University fees can be expensive. Today, students are expected to fork out a small fortune to cover their university fees, especially if they wish to attend a respected institution. International students in particular are generally charged at least two to three times the amount of domestic students, making the decision to pursue an education abroad one that requires careful consideration.
However, what happens when unexpected circumstances arise that prevent a student from fully paying their university fees? Here’s what you should know:
What to know about your university fees
US universities are known as some of the most expensive in the world — and that’s after considering the fact that the average tuition at four-year public colleges in all 50 states increased by 37% within 10 years. In the UK, university fees are capped at around 9,000 pounds for locals, but increase with every year for international students. Studying in Australia is decidedly cheaper compared to the US and UK, but still packs a hefty expense. The same can be said for Canada.
Usually, international students have to show that they are able to meet their fee amount before they are granted a visa. This can come in the form of producing a bank statement with sufficient funds, or having a sponsor to cover your costs. Regardless of how a student wishes to present their financial status, it is generally understood that they will be able to cover their full tuition.
Here’s what happens if you are unable to do this.
Your study permit might be revoked
The first thing you should understand is that when you apply for a student visa to attend a university overseas, you agree to be bound by its terms. This means that you must show an understanding that you are expected to fulfill the criteria of a student, including meeting your assignment deadlines, attending a set amount of classroom hours — and yes, paying your fees on time.
Most universities stress that covering the cost of your fees is your own responsibility. Sponsored students are included in this category. This means that if your funding has not come through, you’ll have to take it upon yourself to contact your sponsor and ensure that they make the payment before the due date.
If you do not pay your fees on time, you are at risk of having your student status frozen or withdrawn. Should this happen, your visa might be revoked because you will no longer be considered a student in your university.
The good news is that this will usually be treated as a last resort measure. Most universities will reach out to you multiple times to inform you about how much you need to pay and when this amount is due. If your fee deadline is steadily approaching and you haven’t paid your fees, you might expect to see recurring emails from your fee office with details reminding you of this fact.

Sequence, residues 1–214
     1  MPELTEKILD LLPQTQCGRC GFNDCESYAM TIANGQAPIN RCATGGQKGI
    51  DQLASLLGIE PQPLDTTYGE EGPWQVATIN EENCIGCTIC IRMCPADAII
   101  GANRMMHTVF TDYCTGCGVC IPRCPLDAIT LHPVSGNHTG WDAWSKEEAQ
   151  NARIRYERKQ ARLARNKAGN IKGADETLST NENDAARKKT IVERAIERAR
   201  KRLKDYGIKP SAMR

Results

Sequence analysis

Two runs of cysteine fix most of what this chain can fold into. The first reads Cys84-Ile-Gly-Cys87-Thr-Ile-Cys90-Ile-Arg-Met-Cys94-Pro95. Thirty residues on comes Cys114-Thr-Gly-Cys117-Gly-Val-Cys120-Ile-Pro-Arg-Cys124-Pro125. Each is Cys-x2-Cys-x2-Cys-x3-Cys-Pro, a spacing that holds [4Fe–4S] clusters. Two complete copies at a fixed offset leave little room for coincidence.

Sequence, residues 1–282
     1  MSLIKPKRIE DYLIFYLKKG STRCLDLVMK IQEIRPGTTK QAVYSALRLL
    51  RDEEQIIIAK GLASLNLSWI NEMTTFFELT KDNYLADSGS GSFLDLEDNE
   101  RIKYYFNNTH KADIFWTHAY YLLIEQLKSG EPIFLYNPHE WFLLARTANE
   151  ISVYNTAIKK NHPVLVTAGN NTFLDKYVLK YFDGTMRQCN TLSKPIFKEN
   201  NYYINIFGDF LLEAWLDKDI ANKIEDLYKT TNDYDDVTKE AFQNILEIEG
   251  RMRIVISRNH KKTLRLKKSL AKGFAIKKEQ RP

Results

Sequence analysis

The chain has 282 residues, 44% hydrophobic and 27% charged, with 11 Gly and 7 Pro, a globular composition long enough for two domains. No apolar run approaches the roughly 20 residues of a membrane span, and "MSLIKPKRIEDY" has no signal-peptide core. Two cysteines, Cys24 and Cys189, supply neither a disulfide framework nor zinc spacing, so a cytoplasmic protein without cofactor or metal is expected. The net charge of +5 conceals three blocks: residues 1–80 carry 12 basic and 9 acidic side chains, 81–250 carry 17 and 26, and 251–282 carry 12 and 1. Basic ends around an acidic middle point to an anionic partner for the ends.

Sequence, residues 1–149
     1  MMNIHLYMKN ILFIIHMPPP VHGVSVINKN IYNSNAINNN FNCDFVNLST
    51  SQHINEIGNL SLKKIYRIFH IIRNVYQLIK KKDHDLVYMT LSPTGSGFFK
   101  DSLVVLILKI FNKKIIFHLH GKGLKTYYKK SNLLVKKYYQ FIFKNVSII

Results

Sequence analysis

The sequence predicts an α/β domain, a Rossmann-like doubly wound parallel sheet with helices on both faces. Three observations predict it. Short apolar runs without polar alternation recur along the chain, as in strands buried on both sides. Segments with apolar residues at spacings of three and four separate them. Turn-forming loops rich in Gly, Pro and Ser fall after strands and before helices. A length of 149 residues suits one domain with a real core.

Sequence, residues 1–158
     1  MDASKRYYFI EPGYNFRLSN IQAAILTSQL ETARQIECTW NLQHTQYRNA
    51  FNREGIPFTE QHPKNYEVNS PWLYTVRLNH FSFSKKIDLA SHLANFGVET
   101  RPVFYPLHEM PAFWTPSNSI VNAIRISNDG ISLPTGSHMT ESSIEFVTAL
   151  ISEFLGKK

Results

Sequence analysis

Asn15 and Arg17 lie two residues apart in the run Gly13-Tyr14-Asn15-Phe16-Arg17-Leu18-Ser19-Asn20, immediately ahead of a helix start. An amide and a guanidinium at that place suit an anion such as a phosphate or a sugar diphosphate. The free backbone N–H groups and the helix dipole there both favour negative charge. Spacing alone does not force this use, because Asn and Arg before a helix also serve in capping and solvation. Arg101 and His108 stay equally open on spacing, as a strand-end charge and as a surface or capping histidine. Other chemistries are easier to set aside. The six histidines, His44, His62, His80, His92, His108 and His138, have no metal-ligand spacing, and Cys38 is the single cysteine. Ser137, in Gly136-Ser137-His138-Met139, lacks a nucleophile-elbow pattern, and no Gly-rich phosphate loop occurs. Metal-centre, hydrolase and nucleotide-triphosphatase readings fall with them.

If your university does not receive a response in regards to your fee status beyond a certain date, they will likely withdraw your enrolment from your programme. This means that you will not be able to access your university’s services or attend classes. Most importantly, your student visa will be revoked, and you may be asked to leave the country.
What should I do if I can’t pay my university fees?
Meeting your fee deadline is therefore as crucial as it is daunting. Usually, students who don’t pay their fees don’t do so out of choice — they’re faced with unexpected circumstances that prevent them from doing so. It would certainly be an extremely stressful time for any international student struggling with this.
Still, there are some steps you can take if you find that you’re unable to pay your fees on time.
The first thing you should do is contact your fees office. It’s important that your university is aware of any difficulties that you are facing so that they can take appropriate steps to help you overcome them. This could include putting you on a new payment plan to ease your financial burden. If your circumstances are considered dire enough, you may be granted an extension.
Unfortunately, you’re not likely to be exempt from paying your fees, which means you’ll have to ensure that you can meet the full payment due at some point in time. Luckily, there may be some options for you to consider.
A benefit of reaching out to your tuition fee office is that they may help you find — or at least, point you towards — alternative sources of funding. As most universities in major higher education countries are well-financed, they might have emergency funds that you can apply for. This is usually reserved for students who are facing extreme financial hardship and cannot afford the cost of their tuition. You can also look at other scholarship or funding options that you may be eligible for.
We hope that this helps you resolve any of your doubts or worries about paying your fees.